Sea-webs comprehensive data on the ships physical
characteristics. We restrict our study to cargo ships
bigger than 10 000 GT that make up 93 per cent of
the worlds total capacity for cargo ship transport.
From these, we select all 16 363 ships for which AIS
data are available, taken as representative of the
global trafc and long distance trade between the 951
ports equipped with AIS receivers (for details see electronic supplementary material). For each ship, we
obtain a trajectory from the database, i.e. a list of
ports visited by the ship sorted by date. In 2007,
there were 490 517 non-stop journeys linking 36 351 distinct pairs of arrival and departure ports. The complete
set of trajectories, each path representing the shortest
route at sea and coloured by the number of journeys
passing through it, is shown in gure 1a.
Each trajectory can be interpreted as a small
directed network where the nodes are ports linked
together if the ship travelled directly between the
ports. Larger networks can be dened by merging trajectories of different ships. In this article, we
aggregate trajectories in four different ways: the combined network of all available trajectories and the
subnetworks of container ships (3100 ships), bulk dry
carriers (5498) and oil tankers (2628). These three subnetworks combinedly cover 74 per cent of the GCSNs
total GT. In all four networks, we assign a weight wij
to the link from port i to j equal to the sum of the

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Complex network of ship movements

available space on all ships that have travelled on the
link during 2007 measured in GT. If a ship made a journey from i to j more than once, its capacity contributes
multiple times to wij.


The directed network of the entire cargo eet is noticeably asymmetric, with 59 per cent of all linked pairs of
ports being connected only in one direction. Still, the
vast majority of ports (935 out of 951) belongs to one
single strongly connected component, i.e. for any two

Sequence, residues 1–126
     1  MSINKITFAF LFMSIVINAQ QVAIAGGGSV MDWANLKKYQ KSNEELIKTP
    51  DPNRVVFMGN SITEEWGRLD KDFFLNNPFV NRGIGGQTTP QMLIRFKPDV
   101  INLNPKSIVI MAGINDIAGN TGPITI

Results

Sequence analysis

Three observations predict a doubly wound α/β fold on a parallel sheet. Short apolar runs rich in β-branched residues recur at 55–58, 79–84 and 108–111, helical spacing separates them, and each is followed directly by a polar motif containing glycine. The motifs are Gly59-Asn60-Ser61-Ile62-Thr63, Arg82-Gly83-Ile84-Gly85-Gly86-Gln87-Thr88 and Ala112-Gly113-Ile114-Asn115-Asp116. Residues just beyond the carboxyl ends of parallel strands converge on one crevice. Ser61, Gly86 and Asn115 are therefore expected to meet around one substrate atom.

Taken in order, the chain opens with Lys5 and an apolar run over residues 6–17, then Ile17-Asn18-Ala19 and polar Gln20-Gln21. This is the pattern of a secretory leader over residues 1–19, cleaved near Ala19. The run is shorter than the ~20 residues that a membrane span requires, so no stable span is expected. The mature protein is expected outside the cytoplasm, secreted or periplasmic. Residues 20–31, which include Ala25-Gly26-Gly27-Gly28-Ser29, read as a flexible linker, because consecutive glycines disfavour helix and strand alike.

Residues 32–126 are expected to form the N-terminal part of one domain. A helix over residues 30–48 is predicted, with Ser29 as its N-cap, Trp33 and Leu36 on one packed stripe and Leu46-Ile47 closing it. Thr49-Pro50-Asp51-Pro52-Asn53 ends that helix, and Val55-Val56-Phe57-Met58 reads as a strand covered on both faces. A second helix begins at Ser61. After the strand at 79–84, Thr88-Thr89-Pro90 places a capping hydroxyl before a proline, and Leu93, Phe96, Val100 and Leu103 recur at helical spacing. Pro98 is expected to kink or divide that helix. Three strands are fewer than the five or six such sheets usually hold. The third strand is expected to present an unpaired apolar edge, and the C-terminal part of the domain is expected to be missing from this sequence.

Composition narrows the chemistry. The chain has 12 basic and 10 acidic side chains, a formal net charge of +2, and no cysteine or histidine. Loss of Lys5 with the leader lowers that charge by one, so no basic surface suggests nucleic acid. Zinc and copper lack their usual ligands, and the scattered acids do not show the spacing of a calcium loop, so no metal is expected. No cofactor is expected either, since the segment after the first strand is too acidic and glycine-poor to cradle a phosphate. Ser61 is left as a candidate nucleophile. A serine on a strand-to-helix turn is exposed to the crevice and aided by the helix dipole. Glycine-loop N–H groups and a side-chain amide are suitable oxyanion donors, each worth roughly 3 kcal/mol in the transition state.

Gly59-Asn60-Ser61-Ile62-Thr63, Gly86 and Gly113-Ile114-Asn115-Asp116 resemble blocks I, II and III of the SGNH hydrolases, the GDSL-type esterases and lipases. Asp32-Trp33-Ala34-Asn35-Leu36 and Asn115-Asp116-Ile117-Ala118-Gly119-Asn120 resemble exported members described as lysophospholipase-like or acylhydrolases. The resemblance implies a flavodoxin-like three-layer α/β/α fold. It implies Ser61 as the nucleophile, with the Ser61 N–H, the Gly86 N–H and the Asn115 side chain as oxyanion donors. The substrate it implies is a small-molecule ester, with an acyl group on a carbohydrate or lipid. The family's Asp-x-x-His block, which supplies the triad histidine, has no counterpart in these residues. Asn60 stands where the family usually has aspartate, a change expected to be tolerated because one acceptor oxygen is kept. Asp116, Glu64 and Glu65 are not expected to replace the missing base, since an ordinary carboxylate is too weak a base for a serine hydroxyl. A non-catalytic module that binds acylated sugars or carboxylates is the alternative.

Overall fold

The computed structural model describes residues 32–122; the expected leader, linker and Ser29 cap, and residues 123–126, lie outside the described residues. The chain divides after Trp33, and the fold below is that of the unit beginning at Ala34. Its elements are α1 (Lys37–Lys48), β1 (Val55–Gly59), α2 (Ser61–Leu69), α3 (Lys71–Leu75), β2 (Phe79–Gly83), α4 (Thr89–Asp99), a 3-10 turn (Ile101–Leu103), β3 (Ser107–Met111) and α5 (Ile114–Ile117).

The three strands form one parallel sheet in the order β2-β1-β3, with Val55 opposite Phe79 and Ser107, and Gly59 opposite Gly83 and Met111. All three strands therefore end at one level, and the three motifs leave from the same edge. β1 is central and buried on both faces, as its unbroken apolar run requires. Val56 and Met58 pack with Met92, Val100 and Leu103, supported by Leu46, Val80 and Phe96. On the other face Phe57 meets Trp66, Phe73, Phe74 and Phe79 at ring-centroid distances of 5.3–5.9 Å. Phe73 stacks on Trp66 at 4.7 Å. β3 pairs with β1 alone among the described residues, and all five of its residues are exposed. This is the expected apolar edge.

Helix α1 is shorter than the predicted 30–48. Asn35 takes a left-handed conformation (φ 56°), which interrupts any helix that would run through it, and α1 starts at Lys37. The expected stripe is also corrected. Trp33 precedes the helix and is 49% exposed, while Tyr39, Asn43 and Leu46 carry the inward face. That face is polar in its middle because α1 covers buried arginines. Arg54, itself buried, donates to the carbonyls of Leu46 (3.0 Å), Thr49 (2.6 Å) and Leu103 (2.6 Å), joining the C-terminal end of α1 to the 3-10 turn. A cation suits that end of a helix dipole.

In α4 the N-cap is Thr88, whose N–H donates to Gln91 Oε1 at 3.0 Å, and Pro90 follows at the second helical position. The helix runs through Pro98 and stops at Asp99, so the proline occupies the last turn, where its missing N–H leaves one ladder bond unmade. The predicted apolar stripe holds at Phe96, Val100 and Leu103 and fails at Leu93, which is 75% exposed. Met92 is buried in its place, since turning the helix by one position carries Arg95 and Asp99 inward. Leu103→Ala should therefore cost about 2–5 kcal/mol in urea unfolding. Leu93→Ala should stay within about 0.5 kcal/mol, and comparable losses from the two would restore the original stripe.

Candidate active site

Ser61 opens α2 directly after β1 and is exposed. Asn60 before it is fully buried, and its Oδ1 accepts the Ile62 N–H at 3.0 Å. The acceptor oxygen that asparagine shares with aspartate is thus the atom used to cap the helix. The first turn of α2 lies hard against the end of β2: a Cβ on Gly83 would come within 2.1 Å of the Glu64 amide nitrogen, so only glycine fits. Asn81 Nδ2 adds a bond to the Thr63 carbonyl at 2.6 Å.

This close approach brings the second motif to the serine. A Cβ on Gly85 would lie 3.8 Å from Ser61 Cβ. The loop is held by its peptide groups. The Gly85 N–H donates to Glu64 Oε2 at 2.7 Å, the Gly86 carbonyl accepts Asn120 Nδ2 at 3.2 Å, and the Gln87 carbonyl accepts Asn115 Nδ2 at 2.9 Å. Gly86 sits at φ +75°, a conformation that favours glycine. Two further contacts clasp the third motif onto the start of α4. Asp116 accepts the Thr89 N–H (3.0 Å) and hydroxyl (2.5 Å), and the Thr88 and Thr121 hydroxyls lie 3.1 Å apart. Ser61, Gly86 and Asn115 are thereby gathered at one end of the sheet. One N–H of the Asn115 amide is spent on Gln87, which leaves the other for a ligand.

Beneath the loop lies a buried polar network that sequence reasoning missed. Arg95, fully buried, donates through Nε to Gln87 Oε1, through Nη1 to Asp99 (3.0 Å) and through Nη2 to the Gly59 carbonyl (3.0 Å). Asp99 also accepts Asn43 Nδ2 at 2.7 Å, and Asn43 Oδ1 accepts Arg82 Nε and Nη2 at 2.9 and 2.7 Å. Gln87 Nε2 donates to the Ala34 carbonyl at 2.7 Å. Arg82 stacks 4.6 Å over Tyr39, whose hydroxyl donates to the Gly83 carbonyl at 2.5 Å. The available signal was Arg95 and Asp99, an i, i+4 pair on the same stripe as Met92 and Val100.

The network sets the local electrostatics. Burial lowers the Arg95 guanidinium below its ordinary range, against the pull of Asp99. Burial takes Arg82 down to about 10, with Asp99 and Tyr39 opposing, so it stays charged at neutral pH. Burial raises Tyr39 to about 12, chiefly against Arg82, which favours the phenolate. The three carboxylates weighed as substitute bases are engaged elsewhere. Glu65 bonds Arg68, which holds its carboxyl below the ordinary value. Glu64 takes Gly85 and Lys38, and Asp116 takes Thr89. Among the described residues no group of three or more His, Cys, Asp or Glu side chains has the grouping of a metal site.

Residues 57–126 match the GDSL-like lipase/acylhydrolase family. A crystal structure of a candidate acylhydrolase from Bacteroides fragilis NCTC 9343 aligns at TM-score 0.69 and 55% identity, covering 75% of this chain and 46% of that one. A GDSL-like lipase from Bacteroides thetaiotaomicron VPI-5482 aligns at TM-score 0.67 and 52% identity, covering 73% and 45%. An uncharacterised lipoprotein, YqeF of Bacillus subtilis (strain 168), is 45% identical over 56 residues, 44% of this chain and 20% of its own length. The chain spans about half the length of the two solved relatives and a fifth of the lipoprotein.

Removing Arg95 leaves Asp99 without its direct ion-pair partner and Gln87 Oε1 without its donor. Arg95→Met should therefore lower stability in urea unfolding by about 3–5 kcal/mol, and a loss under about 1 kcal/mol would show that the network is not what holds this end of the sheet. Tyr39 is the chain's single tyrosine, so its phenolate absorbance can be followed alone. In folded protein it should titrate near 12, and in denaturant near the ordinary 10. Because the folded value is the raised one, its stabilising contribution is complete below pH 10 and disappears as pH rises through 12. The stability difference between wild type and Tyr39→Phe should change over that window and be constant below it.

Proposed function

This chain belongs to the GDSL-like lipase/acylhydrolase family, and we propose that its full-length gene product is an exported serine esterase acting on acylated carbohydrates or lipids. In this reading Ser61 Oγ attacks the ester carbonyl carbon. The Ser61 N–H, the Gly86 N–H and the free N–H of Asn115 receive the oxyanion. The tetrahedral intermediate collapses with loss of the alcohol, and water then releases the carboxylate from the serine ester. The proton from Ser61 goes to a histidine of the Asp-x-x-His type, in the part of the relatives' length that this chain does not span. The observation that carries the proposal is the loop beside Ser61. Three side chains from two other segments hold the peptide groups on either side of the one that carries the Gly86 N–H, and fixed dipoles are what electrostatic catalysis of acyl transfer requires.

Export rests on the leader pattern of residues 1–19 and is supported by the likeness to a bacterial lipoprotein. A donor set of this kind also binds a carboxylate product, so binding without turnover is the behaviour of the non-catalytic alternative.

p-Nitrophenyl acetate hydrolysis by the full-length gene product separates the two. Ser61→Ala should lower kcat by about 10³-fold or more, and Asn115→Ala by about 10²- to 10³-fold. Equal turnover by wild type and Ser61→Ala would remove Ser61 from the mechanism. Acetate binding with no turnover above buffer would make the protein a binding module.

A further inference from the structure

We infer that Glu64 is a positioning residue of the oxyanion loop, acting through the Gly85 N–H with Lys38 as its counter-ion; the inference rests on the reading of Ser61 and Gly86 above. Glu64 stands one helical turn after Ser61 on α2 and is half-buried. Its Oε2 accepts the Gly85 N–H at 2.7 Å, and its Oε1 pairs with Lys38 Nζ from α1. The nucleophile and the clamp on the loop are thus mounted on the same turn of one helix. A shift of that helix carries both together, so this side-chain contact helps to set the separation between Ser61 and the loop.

ports in this component, there are routes in both directions, though possibly visiting different intermediate
ports. The routes are intriguingly short: only few steps
in the network are needed to get from one port to
another. The shortest path length l between two ports
is the minimum number of non-stop connections one
must take to travel between origin and destination. In
the GCSN, the average over all pairs of ports is extremely small, kll 2:5. Even the maximum shortest
path between any two ports (e.g. from Skagway,
Alaska, to the small Italian island of Lampedusa) is
only of length lmax 8. In fact, the majority of all possible origin destination pairs (52%) can already be
connected by two steps or less.
Comparing these ndings to those reported for the
worldwide airport network (WAN) shows interesting
differences and similarities. The high asymmetry of
the GCSN has not been found in the WAN, indicating
that ship trafc is structurally very different from aviation. Rather than being formed by the accumulation of
back-and-forth trips, ship trafc seems to be governed
by an optimal arrangement of unidirectional, often circular routes. This optimality also shows in the GCSNs
small shortest path lengths. In comparison, in the
WAN, the average and maximum shortest path lengths
are kll 4:4 and lmax 15, respectively (Guimera` et al.
2005), i.e. about twice as long as in the GCSN. Similar
to the WAN, the GCSN is highly clustered: if a port X is
linked to ports Y and Z, there is a high probability that
there is also a connection from Y to Z. We calculated a
clustering coefcient C (Watts & Strogatz 1998) for
directed networks and found C 0.49, whereas
random networks with the same number of nodes and
links only yield C 0.04 on average. Degree-dependent
clustering coefcients Ck reveal that clustering
decreases with node degree (see electronic supplementary material). Therefore, the GCSNlike the
WANcan be regarded as a small-world network possessing short path lengths despite substantial